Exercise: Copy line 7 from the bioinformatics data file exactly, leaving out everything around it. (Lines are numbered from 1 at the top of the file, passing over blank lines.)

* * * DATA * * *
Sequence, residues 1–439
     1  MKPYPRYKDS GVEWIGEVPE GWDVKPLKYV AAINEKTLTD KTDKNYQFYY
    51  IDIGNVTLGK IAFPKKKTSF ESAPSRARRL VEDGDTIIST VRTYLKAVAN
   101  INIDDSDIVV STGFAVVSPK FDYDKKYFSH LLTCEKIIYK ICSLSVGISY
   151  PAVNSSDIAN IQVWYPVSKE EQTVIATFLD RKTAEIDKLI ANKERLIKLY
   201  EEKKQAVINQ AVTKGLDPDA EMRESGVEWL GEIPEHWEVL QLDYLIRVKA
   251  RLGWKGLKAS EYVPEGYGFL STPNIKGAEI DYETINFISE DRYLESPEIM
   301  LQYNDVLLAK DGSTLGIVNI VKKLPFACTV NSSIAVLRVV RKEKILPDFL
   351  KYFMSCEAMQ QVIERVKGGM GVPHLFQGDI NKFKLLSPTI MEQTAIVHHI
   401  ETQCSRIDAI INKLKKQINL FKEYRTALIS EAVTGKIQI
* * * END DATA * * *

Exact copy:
   251  RLGWKGLKAS EYVPEGYGFL STPNIKGAEI DYETINFISE DRYLESPEIM